Pelvic pain or discomfort in pregnancy may vary in intensity and duration. It can be triggered by a number of factors or occur spontaneously for no known reason. However, it is important to note the nature of the pain, aggravating factors and duration in order to assist your doctor with a diagnosis.
Pelvic pain includes pain or discomfort in the lower abdomen and pelvis, as well as pain in the pubic area, groin, lower back or hips. The causes of the pain may not always be related to the pregnant state (non-obstetric). It is also not uncommon for mild pain or discomfort to have no identifiable cause in pregnancy. In this instance, it will often pass on its own without complicating the pregnancy or affecting the mother’s health in any way.
Causes of Pelvic Pain in Pregnancy
Some of the obstetric causes of pelvic pain has been discussed under abdominal pain in pregnancy. This includes :
- Ectopic pregnancy
- Spontaneous abortion (miscarriage)
- Abruptio placentae
- Placenta previa
- Preterm labor
- Normal labor pains
- Round ligament pain
- Torsion of the pregnant uterus
Other obstetric and non-obstetric causes of pelvic pain in pregnancy includes :
- Pain due to implantation of the embryo
- A dull, menstrual-like pain may be felt deep in the pelvis or lower abdomen for a day or two around the time of the first missed period. Implantation of the embryo into the uterus is thought to be the cause.
- Normal changes of pregnancy
- This is a result of growth and enlargement of the uterus. It is usually felt as a cramping pain in the lower abdomen, pelvis or lower back.
- Ruptured hemorrhagic corpus luteum cyst
- May cause pelvic pain and severe vaginal bleeding, which may lead to hemorrhagic shock.
- Adnexal (ovarian) torsion
- A sudden, colicky pelvic pain, often accompanied by nausea and vomiting. The torsion normally resolves on its own, with relief of symptoms.
- Red degeneration of myoma (fibroid)
- It may present as sudden onset of pelvic pain with nausea, vomiting, fever, and vaginal bleeding occasionally.
- Torsion of pedunculated myoma
- Bacterial infection of the chorion and amnion (the membranes surrounding the fetus) and the amniotic fluid.
- Acute urinary retention
- This is due to a retroverted gravid uterus, meaning a pregnant uterus that is tilted or tipped backwards).
Pelvic Cavity Pains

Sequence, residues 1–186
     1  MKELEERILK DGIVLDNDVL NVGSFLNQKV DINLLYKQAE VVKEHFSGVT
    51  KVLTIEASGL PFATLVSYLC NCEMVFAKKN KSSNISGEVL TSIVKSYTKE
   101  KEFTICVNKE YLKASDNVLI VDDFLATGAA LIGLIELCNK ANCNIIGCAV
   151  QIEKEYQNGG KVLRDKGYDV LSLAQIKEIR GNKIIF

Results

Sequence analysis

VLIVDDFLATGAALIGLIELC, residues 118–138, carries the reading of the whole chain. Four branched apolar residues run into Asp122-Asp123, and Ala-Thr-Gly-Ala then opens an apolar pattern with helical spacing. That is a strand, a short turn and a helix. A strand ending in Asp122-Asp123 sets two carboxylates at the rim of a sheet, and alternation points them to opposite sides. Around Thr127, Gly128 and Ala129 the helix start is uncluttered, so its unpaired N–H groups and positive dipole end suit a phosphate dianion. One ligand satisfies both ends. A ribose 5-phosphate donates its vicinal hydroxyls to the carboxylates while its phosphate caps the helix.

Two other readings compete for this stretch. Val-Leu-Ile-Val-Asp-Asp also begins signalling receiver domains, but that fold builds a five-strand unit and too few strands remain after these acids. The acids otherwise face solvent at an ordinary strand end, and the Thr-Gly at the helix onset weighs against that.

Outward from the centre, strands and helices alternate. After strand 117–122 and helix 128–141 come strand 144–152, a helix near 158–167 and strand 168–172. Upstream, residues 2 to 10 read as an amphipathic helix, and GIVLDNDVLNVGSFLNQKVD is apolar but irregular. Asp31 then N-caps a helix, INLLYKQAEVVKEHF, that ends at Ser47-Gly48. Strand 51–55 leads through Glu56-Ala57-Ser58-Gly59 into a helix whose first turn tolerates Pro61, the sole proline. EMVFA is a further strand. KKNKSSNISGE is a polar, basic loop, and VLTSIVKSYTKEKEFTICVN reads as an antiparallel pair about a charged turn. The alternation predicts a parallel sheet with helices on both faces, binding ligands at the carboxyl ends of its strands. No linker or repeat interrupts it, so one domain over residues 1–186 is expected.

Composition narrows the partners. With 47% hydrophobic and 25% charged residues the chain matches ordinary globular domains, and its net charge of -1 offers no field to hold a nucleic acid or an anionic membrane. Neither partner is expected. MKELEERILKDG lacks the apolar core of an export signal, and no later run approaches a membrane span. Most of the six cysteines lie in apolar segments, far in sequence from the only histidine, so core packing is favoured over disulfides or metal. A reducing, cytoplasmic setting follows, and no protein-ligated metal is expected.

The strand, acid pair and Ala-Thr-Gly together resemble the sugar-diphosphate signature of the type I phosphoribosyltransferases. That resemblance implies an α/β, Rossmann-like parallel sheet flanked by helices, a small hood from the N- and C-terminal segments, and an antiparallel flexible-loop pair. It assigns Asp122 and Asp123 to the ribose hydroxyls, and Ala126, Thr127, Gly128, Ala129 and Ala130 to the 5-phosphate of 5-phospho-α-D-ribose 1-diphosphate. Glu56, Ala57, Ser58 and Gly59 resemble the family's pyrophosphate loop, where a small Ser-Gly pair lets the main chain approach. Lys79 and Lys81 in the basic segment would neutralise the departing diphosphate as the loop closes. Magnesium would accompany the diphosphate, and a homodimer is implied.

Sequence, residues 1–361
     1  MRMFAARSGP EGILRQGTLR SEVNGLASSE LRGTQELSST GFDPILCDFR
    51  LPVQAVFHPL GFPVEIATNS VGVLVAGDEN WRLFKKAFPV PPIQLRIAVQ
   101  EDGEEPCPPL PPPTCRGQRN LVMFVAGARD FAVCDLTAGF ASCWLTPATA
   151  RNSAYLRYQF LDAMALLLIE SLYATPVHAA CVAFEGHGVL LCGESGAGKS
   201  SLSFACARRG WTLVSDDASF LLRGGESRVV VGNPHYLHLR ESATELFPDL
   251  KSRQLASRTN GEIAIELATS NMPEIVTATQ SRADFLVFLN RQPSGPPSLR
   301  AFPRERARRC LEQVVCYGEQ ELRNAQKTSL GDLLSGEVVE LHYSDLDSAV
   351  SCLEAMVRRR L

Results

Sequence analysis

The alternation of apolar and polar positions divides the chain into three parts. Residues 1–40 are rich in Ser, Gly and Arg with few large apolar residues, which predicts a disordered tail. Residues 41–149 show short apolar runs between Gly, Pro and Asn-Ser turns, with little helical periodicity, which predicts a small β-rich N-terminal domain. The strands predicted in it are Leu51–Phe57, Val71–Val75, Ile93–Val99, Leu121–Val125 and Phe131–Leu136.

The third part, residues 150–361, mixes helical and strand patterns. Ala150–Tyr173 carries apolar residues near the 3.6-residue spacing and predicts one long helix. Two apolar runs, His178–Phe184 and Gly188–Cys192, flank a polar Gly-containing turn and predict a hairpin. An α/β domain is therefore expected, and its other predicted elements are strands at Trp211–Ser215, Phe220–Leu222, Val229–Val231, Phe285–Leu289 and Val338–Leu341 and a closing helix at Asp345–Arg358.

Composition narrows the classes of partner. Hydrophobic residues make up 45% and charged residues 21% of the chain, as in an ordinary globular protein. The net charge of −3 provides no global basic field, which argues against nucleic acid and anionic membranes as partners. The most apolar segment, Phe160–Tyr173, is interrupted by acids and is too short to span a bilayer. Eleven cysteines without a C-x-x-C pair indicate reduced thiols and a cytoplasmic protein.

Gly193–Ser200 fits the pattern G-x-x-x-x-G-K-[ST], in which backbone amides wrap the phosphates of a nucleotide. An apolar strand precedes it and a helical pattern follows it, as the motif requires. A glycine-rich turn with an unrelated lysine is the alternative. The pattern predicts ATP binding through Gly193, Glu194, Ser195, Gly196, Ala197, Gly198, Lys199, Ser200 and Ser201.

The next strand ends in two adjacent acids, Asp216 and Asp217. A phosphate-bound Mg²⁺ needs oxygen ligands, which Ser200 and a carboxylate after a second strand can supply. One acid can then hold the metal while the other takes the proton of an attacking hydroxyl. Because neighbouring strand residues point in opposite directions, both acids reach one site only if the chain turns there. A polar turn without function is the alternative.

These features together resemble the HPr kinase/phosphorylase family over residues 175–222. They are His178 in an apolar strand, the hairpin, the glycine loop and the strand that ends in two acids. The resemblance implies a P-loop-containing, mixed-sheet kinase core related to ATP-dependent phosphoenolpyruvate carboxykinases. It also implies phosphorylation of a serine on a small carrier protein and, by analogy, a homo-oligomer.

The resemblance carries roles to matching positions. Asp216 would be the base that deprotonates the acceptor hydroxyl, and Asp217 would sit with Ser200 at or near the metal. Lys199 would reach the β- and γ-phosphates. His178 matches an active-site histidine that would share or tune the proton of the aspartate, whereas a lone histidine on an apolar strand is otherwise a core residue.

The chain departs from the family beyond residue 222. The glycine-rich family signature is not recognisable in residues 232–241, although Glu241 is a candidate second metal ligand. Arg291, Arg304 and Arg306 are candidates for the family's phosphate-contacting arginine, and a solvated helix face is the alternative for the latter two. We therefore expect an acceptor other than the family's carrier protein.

- Pelvic inflammatory disease (PID)
- Not very common during pregnancy.
- Scar tissues or adhesions
- There may be a past history of surgery for infertility or other types of pelvic or abdominal surgery.
Bone, Cartilage and Joint Pains
- Pain in the lower back and hips
- This may occur as a result of :
- laxity of the joints caused by pregnancy hormones
- weight of the growing uterus changing the center of gravity of the mother
- the way a woman carries herself
- weakening and separation of the abdominal muscles to a lesser degree
- Pelvic joint instability
- The pelvis (pelvic girdle) is made up of two hip bones attached to the sacrum at the back and at the symphysis pubis in front by means of ligaments and cartilage.
- Relaxin, a hormone secreted during pregnancy, helps to relax the joints of the pelvis, thus facilitating easy delivery of the baby.
- However, excessive laxity of the joints makes it unstable and may result in pain.
- Symphysis pubis dysfunction (SPD)
- This may give rise to a type of pelvic joint pain felt by a woman particularly during pregnancy.
- It usually starts from the second trimester onwards, but may be felt at any time during pregnancy or even after childbirth.
- There may be symptoms of pain in the pubic area, groin, or inside of the thigh, along with low back and hip pain.
- A clicking or grinding sensation may also be felt.
- The pain may intensify when moving the legs apart, walking or climbing stairs.
- Diastasis symphysis pubis (DSP)
- This is a rare condition, related to SPD, which may occur during pregnancy.
- There is normally a gap of 4 to 5 mm between the two pubic bones, which may stretch by another 2 to 3 mm during pregnancy.
- If, however, there is further stretching of the bones, it can give rise to severe pain.
- Sacroiliac joint dysfunction
- The sacroiliac joint, between the sacrum and the part of the hip bone known as the ilium, is normally a very stable joint.
- Laxity of this joint during pregnancy may give rise to low back pain, usually made worse with activities using one leg, such as climbing stairs or getting out of the car.